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Composting Food Has Just Become Law in Vermont

Posted on: August 6th, 2020

Composting Food Becomes Law in Vermont

According to the EPA’s webpage Composting At Home, “Compost is organic material that can be added to soil to help plants grow. Food scraps and yard waste together currently make up more than 28 percent of what we throw away and should be composted instead.”

The State of Vermont understands and supports the practice of composting, in fact, it’s now the law. As of July 1, 2020, Vermonters are now breaking the law if they toss leftover kitchen scraps such as peels, cores, eggshells and other waste into the garbage. It is now required that residents and businesses either bring such compostable items to professional facilities for processing or to create composting piles themselves.

Called the Food Scrap Ban, local officials are relying on the honor system when it comes to resident’s participation. According to the University of Vermont, 72% of Vermonters were already composting food scraps before the ban went in place, therefore, they’re hopeful remaining residents will have no issue complying.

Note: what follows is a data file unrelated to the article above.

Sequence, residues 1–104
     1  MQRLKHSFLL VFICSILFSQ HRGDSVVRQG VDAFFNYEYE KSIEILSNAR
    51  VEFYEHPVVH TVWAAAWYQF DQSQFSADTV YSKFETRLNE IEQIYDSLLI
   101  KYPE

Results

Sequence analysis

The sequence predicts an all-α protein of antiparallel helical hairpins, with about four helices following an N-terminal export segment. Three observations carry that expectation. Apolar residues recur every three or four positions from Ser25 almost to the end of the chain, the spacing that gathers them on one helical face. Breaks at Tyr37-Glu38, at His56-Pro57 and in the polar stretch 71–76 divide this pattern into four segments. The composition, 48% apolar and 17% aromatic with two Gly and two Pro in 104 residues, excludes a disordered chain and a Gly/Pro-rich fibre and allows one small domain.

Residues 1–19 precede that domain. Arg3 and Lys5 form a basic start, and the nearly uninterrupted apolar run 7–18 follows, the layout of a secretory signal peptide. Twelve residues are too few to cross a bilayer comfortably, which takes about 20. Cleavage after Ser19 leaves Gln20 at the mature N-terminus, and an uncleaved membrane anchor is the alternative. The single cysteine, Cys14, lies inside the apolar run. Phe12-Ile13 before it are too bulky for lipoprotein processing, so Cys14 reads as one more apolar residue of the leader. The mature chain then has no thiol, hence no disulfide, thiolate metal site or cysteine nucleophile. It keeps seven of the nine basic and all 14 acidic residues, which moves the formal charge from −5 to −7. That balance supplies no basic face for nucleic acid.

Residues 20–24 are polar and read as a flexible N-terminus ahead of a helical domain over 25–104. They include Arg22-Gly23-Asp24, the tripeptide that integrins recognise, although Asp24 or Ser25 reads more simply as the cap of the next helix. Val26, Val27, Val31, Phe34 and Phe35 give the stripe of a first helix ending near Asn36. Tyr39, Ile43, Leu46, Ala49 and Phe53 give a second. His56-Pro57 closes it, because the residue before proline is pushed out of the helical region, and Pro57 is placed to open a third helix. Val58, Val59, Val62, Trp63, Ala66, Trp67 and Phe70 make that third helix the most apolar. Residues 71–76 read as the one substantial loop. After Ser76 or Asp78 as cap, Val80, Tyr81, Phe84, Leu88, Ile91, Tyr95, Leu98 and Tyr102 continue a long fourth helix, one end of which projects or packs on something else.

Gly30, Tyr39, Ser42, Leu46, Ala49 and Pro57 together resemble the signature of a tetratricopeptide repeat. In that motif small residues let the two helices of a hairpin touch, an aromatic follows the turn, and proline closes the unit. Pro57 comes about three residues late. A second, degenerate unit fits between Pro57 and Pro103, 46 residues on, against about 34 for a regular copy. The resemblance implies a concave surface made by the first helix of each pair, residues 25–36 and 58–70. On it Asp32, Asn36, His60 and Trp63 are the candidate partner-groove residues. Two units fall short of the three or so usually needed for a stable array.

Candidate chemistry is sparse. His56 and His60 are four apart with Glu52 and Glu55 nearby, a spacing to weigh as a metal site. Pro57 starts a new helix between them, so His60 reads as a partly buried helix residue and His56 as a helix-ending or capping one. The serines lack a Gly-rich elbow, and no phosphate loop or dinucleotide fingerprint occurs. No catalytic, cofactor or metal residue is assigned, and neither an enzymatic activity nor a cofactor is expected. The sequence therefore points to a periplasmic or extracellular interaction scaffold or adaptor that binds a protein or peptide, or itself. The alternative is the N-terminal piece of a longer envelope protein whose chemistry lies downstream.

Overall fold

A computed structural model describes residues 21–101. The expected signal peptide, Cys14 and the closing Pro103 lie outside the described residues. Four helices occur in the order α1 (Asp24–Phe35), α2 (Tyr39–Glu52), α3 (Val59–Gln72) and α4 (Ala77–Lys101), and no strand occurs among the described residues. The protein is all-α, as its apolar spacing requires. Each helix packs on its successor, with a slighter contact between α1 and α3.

For several decades, states officials have been trying to divert as much food waste as possible to facilities where it can be properly composted and reused. But the efforts have been disappointing thus far, reaching only 36% to date.

Josh Kelly, the Materials Management Section Chief with the Vermont Agency of Natural Resources says, “The only way you can really bring that down is by focusing on the food waste issue.”

According the U.S Environmental Protection Agency, food is the single largest category of material found in municipal landfills in the United States. There, it emits methane – a powerful and harmful greenhouse gas. Municipal solid waste landfills are the third-largest source of human-related methane emissions in the United States, accounting for approximately 14.1 percent of these emissions.

The EPA understands that not everyone has the space for outdoor composting piles and recommends the following. “If you do not have space for an outdoor compost pile, you can compost materials indoors using a special type of bin, which you can buy at a local hardware store, gardening supplies store or make yourself.” Additional information on indoor composting can be found on the EPA’s website.

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